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Medicare for All engenders palpable political angst among Democrats and persuadable voters because they believe it will not help beat Trump. As noted at the top, these voters were given a simple forced-choice question: “Would you prefer that the Democratic nominee for president runs on single-payer Medicare for All” or “building off the Affordable Care Act”? By double-digit margins, Democrats and persuadable voters in each state said they would prefer the nominee runs on building off the ACA.

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Conclusion

Donald Trump is underwater on health care, and in 2018, health care was the top policy issue that Democrats used to win a historic wave election. To beat Trump in 2020, health care must be a decisive winner for Democrats again. But Medicare for All gives up that edge.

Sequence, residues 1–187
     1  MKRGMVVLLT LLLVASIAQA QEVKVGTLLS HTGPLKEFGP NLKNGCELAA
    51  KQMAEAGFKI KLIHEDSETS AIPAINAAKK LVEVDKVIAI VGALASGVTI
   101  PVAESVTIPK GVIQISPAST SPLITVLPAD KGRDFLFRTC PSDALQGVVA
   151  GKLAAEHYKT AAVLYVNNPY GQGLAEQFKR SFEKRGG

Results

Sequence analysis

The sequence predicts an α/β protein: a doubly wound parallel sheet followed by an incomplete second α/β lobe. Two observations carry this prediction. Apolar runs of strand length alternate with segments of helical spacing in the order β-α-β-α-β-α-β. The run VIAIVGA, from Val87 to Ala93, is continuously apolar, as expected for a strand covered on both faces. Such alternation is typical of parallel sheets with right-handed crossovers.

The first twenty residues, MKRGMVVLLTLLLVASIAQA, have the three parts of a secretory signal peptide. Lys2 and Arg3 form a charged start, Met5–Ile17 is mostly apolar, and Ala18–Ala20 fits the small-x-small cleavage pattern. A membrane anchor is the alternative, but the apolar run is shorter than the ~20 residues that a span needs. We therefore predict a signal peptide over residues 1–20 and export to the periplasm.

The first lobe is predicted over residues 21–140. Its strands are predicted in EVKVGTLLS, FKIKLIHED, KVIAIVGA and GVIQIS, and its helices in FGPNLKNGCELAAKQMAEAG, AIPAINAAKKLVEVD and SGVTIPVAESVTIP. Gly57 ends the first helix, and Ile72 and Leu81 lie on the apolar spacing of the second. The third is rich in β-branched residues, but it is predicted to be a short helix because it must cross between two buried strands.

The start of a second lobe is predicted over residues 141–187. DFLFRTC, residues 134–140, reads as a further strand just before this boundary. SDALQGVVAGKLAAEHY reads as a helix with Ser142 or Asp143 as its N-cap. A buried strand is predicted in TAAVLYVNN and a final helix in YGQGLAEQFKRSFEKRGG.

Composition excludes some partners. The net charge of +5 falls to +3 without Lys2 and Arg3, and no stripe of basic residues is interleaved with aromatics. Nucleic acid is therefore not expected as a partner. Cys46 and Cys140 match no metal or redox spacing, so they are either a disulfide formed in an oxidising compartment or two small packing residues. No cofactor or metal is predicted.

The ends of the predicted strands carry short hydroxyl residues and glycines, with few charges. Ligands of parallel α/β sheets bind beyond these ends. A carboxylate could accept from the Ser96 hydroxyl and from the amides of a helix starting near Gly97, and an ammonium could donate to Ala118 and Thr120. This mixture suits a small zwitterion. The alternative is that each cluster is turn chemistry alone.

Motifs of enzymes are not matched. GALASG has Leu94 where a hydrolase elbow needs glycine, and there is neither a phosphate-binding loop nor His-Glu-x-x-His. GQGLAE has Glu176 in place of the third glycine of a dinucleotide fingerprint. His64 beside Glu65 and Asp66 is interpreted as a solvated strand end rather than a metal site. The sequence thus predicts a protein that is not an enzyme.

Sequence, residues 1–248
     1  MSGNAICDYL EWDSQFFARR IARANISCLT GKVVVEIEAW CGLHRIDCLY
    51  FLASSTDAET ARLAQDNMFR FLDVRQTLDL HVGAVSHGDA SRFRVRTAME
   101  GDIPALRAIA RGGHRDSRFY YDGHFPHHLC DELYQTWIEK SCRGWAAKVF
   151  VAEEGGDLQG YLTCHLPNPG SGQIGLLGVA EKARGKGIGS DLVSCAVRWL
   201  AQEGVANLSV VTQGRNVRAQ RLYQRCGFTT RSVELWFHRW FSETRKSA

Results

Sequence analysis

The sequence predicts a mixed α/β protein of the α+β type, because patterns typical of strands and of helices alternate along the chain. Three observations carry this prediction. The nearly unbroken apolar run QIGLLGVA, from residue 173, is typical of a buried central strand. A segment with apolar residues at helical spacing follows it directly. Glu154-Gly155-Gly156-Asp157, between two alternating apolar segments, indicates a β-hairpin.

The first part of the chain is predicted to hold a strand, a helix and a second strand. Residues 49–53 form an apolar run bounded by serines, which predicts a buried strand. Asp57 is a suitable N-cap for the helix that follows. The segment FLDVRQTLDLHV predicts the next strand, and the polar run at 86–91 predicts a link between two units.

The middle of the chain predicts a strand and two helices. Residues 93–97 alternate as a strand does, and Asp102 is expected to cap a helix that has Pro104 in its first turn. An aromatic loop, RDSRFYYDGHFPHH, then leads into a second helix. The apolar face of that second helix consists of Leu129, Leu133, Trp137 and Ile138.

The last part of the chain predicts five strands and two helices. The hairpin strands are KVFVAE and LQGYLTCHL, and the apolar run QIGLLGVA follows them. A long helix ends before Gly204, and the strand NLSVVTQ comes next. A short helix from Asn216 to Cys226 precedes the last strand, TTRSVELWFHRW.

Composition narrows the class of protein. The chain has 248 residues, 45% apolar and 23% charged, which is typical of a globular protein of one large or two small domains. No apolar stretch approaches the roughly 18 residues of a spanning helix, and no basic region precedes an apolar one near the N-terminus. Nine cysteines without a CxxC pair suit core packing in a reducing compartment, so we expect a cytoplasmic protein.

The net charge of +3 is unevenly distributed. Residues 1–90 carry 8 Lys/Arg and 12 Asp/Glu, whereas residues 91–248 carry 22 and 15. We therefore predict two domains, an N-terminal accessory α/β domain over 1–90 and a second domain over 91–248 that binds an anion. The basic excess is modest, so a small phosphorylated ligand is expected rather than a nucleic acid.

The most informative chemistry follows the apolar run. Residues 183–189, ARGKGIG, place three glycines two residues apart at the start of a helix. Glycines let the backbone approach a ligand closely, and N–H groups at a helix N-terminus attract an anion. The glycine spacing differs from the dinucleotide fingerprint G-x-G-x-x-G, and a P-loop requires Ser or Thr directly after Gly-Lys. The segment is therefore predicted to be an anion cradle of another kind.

Topics
  • American Electorate173
  • Elections168
  • Medicare/Medicaid60
  • Affordable Care Act43

Endnotes

  1. Third Way and Change Research partnered to conduct state polls in Michigan, Pennsylvania, and Wisconsin of likely general election voters. The samples by state were 888 for Michigan, 1,625 in Pennsylvania, and 993 in Wisconsin. Polls were conducted over the dates of January 15-18, 2020. Post-stratification weights were made on age, gender, region, education, social media use, race, and 2016 presidential vote to reflect the distribution of likely voters.